Some Half-Truths About the Ancient Greeks

Posted on February 21, 2010

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The Greeks liked garish colours, and they painted those elegant marbles. The Venus de Milo should have tan lines.

The present population of Greece is only 15% genetically related to the people of Classical Greece.  Referring to the Ancient Greeks by the same name, almost makes geographic sense, except that many of the Ancient Greeks did not come from Greece.  Greek civilization, as it is discussed by classical scholars, also includes all the areas that Greek civilization conquered, which is essentially the entire coast of the Eastern Mediterranean.

And Ancient Greeks from outside of Ancient Greece are quite likely to be not entirely Greek either, since the conquering armies that Greece sent out—once their farming methods had largely destroyed the soils of their homeland—didn’t bring women with them.  Thus, after the first generation, most overseas Greeks were half-breeds.

Anyway, however you define them, let’s talk about those guys.  From then.

First off, let’s recognize that the Ancient Greeks aren’t that ancient in the larger scheme of things.  Agricultural civilization began about ten and a half thousand years ago.  Writing was invented five and a half thousand years ago.  Greek civilization, in the eras we like to talk about nowadays, flourished about two and half thousand years ago.  The Ancient Greeks are much closer in time to us than they are to the beginning of the civilization we live in.  They are even closer to us that they are to the people who developed writing.  In the civilization race, Greeks are Johnny-come-latelies.

Let’s talk about an Ancient Greek who did not live in Greece, Thales, who according to many accounts invented science.  Clever chap.  He did so by proposing that the world was composed of water.  Nobody really knows what he meant by that.  But it’s a really important thing to say, apparently, science being so important and all.

Of course, there is the problem that science was being practiced thousands of years before, according to archaeological evidence, by hunting and gathering peoples using fire strategically (and according to careful formula) in order to change the properties of stone.  The hunting and gathering form of science had the advantage over the Greek of being somehow related to the real world.  You know, the one that is not composed of water.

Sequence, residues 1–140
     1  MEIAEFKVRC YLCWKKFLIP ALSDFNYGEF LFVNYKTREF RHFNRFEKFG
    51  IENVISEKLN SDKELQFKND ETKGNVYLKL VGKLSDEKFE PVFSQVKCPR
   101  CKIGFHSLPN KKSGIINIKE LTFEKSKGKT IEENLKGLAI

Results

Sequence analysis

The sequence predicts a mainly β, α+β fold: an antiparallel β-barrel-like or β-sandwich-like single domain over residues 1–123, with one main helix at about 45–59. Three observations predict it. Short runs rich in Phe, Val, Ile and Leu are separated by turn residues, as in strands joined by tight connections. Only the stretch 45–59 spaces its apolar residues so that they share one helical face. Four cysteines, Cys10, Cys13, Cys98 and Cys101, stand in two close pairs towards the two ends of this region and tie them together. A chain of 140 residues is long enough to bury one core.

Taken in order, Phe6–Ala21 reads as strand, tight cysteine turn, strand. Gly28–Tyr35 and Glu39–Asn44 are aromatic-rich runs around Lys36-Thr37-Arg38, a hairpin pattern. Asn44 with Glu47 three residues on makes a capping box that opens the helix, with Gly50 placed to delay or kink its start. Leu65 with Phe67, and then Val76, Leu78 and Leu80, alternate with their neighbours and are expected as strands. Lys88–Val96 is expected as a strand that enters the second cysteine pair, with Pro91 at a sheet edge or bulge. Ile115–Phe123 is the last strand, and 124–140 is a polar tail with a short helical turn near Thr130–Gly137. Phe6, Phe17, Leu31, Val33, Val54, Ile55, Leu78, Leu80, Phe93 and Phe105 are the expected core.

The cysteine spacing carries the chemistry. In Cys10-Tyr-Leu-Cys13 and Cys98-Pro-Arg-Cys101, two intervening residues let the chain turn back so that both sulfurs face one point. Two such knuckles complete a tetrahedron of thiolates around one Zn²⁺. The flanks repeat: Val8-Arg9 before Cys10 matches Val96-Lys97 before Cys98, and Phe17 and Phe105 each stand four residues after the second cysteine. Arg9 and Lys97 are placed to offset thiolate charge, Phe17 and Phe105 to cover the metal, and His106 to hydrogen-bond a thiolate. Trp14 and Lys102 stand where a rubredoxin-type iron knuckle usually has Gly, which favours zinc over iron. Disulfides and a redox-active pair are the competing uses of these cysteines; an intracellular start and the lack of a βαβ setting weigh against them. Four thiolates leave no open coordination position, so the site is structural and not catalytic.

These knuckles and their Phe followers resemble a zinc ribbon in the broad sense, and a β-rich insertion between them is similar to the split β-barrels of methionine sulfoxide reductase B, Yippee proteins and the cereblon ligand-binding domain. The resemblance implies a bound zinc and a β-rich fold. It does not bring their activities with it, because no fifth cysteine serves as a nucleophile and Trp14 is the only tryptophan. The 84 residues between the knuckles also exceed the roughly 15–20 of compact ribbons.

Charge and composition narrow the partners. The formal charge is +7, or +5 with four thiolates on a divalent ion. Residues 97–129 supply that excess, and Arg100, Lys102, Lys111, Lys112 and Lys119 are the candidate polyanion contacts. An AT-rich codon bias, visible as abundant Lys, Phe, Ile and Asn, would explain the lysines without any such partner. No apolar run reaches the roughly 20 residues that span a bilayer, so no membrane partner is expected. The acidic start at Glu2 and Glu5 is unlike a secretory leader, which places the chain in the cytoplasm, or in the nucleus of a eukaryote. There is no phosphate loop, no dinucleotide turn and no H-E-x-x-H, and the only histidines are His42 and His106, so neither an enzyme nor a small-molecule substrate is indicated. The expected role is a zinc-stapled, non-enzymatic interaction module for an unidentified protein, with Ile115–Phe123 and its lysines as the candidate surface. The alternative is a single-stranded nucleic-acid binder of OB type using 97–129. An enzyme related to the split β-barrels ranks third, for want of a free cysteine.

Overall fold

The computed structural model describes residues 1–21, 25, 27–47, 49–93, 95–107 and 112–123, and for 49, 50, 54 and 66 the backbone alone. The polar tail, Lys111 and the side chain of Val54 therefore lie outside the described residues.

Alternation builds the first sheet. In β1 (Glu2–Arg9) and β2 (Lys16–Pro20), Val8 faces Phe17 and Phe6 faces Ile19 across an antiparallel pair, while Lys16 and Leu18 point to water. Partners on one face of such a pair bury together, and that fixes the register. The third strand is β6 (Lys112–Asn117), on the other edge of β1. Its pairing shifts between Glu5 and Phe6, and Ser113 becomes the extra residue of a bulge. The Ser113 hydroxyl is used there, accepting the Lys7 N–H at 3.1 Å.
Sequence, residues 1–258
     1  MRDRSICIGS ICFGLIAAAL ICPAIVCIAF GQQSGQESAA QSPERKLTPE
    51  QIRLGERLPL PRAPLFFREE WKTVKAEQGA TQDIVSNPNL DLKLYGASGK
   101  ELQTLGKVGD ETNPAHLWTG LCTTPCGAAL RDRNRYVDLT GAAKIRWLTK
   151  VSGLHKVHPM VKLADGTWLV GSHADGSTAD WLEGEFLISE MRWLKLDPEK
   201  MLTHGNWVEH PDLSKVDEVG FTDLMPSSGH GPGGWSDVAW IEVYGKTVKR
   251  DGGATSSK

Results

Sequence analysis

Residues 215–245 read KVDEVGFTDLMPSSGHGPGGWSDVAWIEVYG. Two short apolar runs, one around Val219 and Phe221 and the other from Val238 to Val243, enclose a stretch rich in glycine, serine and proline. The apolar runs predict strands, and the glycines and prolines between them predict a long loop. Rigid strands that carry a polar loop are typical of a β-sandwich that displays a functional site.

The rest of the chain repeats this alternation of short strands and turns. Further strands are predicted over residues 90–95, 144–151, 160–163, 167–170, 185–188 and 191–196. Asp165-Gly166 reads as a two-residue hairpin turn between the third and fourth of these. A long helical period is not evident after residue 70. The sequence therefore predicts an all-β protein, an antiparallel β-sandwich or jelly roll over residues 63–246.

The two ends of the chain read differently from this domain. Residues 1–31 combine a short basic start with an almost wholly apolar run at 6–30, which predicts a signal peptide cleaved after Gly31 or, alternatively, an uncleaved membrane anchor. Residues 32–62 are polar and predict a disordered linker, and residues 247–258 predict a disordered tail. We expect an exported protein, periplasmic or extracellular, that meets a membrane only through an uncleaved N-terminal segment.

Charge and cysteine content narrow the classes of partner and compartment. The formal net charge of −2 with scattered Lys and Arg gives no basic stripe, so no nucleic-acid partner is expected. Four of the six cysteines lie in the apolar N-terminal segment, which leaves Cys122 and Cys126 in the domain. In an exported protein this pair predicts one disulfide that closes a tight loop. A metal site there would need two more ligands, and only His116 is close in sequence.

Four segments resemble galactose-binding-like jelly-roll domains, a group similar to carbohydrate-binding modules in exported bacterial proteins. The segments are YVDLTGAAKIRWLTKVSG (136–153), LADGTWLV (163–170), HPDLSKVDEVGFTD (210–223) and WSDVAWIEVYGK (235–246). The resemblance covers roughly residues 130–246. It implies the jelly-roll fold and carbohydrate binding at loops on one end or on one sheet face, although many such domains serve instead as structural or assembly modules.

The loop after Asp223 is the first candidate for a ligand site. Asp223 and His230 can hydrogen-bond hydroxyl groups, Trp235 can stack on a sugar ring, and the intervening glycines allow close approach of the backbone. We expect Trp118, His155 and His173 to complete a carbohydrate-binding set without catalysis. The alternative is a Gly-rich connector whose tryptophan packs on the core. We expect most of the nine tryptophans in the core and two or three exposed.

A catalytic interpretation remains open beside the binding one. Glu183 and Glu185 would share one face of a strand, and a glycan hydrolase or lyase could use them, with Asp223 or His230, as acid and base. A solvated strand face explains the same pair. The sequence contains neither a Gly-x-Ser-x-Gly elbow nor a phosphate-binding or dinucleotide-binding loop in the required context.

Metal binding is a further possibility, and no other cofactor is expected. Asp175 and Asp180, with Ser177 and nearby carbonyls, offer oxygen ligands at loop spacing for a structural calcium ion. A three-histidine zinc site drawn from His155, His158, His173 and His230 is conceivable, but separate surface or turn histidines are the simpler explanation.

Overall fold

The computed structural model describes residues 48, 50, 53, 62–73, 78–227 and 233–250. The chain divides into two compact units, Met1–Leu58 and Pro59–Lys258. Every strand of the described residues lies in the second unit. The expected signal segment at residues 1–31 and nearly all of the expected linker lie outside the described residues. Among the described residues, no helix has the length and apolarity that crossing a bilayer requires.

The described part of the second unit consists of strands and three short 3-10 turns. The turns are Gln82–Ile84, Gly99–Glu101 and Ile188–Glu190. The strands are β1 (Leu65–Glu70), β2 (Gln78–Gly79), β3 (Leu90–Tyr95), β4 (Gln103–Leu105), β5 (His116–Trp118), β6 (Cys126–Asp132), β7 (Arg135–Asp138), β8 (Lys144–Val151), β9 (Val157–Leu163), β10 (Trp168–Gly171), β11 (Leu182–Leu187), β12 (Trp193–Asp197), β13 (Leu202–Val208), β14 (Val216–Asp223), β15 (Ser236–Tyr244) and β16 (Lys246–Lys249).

And let’s us not forget nutritional biochemistry, where the scientific notion of reproducable results originated.  You know, cooking, invented by humanity’s premodern ancestors.  And recipes.

In school, we hear that the Greeks invented humanism, and that this was expressed in their idealization of the human figure in sculpture.  Except that Greeks didn’t idealize the human figure per se, only the figures of Greek citizens.  It didn’t apply to foreigners or slaves.  Therefore humanism as a term doesn’t quite describe the concept as practiced at the time.  Let’s say humanism-with-some-prejudice-and-racism-added-in-ism.

Don’t you much prefer accuracy?

And then we have Zeno who, I learned in school, proved that atoms existed.  He did so by describing a footrace between Achilles and a tortoise.  The tortoise has a head start.   In order to catch the tortoise, Achilles must first halve the distance to the tortoise.  Then he must halve the distance again.  And again.  This continues infinitely, and he never catches the tortoise.  Or there is some small indivisible unit, which serves as a period to this apparently infinite process, and that is the atom.  This allows Achilles to catch the tortoise.

Personally, I think if Achilles wanted to catch that tortoise, a little training and exercise would have served better.  There is no point talking to Ancient Greek philosophers like Zeno who don’t realize that concepts like half—at least absolute concepts as used in the footrace—don’t exist.  And something that doesn’t exist is a very uncertain guide to what does exist.  Zeno proposed the existence of atoms, but did nothing to prove their existence except in the minds of school teachers who don’t know the difference between abstraction and the real world.

And then we have Pythagoras.  A Greek who lived in Egypt (and of course, being Greek, must have taught the Egyptians rather than learned from them.)  You remember him as the chap who invented the Pythagorean theorem (the sum of the squares of the two perpendicular sides of a right angle triangle is equal to the square of the hypotenuse.)  Except he didn’t.  People made use of his formula centuries before he was born.

But Pythagoras was really good at geometry and he invented numerology—the mystic philosophy of numbers.  Good for him.  Too bad he didn’t listen to those Egyptians, though.  (If he didn’t.)  They came up with a lot of the ideas he wrote about themselves, and if he had listened, he wouldn’t have had to reinvent them.  If he did reinvent them.

Now you see, that’s one of the problems we have with the Greeks.  They wrote things down.  They repressed other civilizations and thus prevented them from writing things down.  We don’t really know, therefore, whether the ideas they wrote down are their ideas or the ideas of the people they conquered.

Since we don’t really know, we have to guess.

And we call those guesses history.

Posted in: history